What Inspires a Healthy Job Market and Higher Wages?

Gov. John Kasich said, “…it takes three things to grow jobs.” Roughly, those are:

  • “…common-sense regulations, which is why I think we should freeze all federal regulations for one year, except for health and safety.”
  • “…tax cuts, because that sends a message to the job creators that things are headed the right way.”
  • “…fiscal discipline. We have to show that we can march to a balanced budget.”

“Those three things put together are going to give confidence to job creators and you will begin to see wages rise,” he said. “You will begin to see jobs created in a robust economy.”

Is that correct? Well, the mystery of what inspires real wage growth is one that economists would love to solve, but as with all issues related to the job market, the situation is complex. (And to be fair, too complex for any political candidate in either party to sum up in a 90-second response.)

“It isn’t clear why wages aren’t rising faster,” Ben Casselman wrote at FiveThirtyEight last year. “One possibility is that the economy just hasn’t improved enough yet. Maybe if the workers-to-jobs ratio improves a bit more, employers will finally have to start offering raises. Or perhaps the ratio exaggerates improvements in the labor market because there are lots of workers who want jobs but don’t officially count as unemployed.”

Casselman also notes another possibility: “…deeper, so-called structural reasons for the slow growth in wages…. Economists point to a range of possible explanations: globalization, technological change, declining unions, rising regulation. What they all share is that they won’t be solved through economic growth alone.”

Is China Costing Americans Jobs Because of Currency Manipulation?

“China is ripping us on trade,” Donald Trump said. “They’re devaluing their currency and they’re killing our companies. Thousands of thousands – you look at the number of companies and the number in terms of manufacturing of plans that we’ve lost – 50,000 because of China.”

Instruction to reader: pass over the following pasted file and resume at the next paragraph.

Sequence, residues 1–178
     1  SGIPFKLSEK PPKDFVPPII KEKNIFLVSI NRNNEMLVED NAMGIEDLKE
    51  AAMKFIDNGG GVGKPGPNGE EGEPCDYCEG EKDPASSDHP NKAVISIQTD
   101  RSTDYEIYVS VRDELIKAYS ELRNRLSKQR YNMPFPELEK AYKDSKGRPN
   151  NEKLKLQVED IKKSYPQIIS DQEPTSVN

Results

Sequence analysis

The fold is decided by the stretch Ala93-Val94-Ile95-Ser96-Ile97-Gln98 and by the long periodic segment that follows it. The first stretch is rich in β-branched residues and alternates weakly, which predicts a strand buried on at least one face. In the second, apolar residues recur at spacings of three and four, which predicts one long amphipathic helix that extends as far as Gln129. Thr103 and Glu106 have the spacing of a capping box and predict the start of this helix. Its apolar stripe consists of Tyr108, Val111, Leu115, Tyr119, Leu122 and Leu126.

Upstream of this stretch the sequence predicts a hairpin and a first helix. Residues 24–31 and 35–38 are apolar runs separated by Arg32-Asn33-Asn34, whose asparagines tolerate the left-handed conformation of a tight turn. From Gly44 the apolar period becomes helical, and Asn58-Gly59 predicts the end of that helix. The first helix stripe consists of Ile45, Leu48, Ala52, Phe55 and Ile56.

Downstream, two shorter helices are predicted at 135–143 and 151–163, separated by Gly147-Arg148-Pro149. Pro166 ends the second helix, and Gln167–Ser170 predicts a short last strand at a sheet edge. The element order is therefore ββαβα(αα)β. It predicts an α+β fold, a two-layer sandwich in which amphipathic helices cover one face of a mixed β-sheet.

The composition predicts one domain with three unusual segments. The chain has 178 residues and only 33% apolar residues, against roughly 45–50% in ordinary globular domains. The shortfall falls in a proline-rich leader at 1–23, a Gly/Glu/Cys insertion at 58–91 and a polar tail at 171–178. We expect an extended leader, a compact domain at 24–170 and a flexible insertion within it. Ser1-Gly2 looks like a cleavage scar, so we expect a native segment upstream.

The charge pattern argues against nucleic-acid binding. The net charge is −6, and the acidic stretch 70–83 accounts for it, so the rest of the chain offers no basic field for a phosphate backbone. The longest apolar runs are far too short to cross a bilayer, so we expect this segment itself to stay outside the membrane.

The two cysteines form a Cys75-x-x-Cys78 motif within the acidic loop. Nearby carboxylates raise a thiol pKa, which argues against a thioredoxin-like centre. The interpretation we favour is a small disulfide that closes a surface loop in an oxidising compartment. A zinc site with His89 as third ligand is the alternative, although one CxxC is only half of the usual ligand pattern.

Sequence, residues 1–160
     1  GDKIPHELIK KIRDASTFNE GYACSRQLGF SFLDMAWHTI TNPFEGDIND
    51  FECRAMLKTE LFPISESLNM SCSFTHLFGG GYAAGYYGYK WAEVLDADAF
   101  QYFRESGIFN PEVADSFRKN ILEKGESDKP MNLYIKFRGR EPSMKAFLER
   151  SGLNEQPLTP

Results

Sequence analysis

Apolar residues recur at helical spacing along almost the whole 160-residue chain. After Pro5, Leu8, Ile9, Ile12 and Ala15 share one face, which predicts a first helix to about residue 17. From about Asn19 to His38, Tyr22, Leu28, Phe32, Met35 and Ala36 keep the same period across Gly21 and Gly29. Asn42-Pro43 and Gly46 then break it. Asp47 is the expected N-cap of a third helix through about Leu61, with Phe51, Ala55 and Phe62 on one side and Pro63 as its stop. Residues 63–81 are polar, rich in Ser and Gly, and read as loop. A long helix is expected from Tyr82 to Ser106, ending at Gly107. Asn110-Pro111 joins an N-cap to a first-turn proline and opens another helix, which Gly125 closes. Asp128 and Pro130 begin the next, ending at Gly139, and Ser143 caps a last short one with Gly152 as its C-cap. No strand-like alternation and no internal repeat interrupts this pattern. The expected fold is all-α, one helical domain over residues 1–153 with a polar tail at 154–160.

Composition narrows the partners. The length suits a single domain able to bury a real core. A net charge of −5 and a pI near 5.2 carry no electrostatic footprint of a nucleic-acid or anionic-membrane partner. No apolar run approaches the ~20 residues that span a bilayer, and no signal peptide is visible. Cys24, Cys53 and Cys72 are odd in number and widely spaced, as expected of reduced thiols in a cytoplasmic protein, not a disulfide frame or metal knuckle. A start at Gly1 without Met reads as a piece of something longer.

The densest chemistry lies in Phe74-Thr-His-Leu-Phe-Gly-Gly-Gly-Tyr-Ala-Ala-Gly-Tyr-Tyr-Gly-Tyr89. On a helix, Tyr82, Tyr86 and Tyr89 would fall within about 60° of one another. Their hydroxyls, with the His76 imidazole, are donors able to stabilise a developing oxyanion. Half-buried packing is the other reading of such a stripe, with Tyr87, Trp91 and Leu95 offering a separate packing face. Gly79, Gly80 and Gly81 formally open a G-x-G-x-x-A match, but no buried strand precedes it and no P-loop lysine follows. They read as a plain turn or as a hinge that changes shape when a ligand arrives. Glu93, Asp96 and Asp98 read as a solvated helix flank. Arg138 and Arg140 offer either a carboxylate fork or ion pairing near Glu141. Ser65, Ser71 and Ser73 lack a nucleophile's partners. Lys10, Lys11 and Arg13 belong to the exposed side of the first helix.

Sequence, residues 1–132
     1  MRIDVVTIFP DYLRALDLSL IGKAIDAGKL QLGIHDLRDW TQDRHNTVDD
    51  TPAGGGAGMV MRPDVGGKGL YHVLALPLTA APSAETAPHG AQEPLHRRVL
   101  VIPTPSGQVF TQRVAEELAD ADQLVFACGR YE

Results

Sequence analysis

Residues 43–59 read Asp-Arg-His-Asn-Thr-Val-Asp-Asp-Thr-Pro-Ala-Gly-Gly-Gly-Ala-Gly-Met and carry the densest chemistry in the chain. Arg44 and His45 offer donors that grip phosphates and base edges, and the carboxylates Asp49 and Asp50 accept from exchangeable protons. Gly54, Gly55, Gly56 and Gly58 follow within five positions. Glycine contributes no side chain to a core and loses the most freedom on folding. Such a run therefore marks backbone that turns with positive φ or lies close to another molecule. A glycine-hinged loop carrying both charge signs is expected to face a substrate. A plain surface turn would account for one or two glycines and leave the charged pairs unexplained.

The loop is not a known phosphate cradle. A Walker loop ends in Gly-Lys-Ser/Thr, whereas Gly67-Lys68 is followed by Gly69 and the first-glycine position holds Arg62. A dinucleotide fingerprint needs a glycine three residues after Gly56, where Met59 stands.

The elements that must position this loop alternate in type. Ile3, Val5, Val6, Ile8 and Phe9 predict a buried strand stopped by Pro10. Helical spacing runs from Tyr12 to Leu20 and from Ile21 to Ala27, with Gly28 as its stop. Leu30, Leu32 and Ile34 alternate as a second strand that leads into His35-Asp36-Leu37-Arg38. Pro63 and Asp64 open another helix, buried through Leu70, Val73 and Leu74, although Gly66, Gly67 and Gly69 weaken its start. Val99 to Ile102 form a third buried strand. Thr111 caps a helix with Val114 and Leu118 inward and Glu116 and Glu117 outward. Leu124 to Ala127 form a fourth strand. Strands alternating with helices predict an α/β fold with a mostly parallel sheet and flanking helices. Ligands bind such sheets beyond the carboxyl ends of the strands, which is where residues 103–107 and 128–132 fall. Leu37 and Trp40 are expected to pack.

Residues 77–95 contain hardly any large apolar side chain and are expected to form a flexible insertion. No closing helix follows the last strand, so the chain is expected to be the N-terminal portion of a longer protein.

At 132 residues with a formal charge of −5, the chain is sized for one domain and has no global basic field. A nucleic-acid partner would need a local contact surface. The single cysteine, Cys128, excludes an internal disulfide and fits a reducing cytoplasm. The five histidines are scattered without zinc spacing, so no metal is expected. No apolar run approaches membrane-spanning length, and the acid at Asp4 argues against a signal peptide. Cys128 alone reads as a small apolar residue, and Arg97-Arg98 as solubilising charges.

As The New York Times notes, that’s not the whole story.

“There is little doubt that manufacturing employment in the United States has declined because we are importing more stuff from China,” says Appelbaum. “A 2013 study estimated that the United States lost almost one million factory jobs between 2000 and 2007 because of increased trade with the Asian nation.”

Appelbaum notes that there’s some dispute about the impact of currency manipulation, and that “by most accounts, the extent of this manipulation has declined in recent years – and even without any manipulation, China would still enjoy a significant advantage in manufacturing, thanks to its relatively low labor costs.”

For more on the candidates’ views on the economy, the job market, and other subjects, see the full transcript.

Tell Us What You Think

What’s your take on the debates so far? We want to hear from you! Leave a comment or join the discussion on Twitter.

Jen Hubley Luckwaldt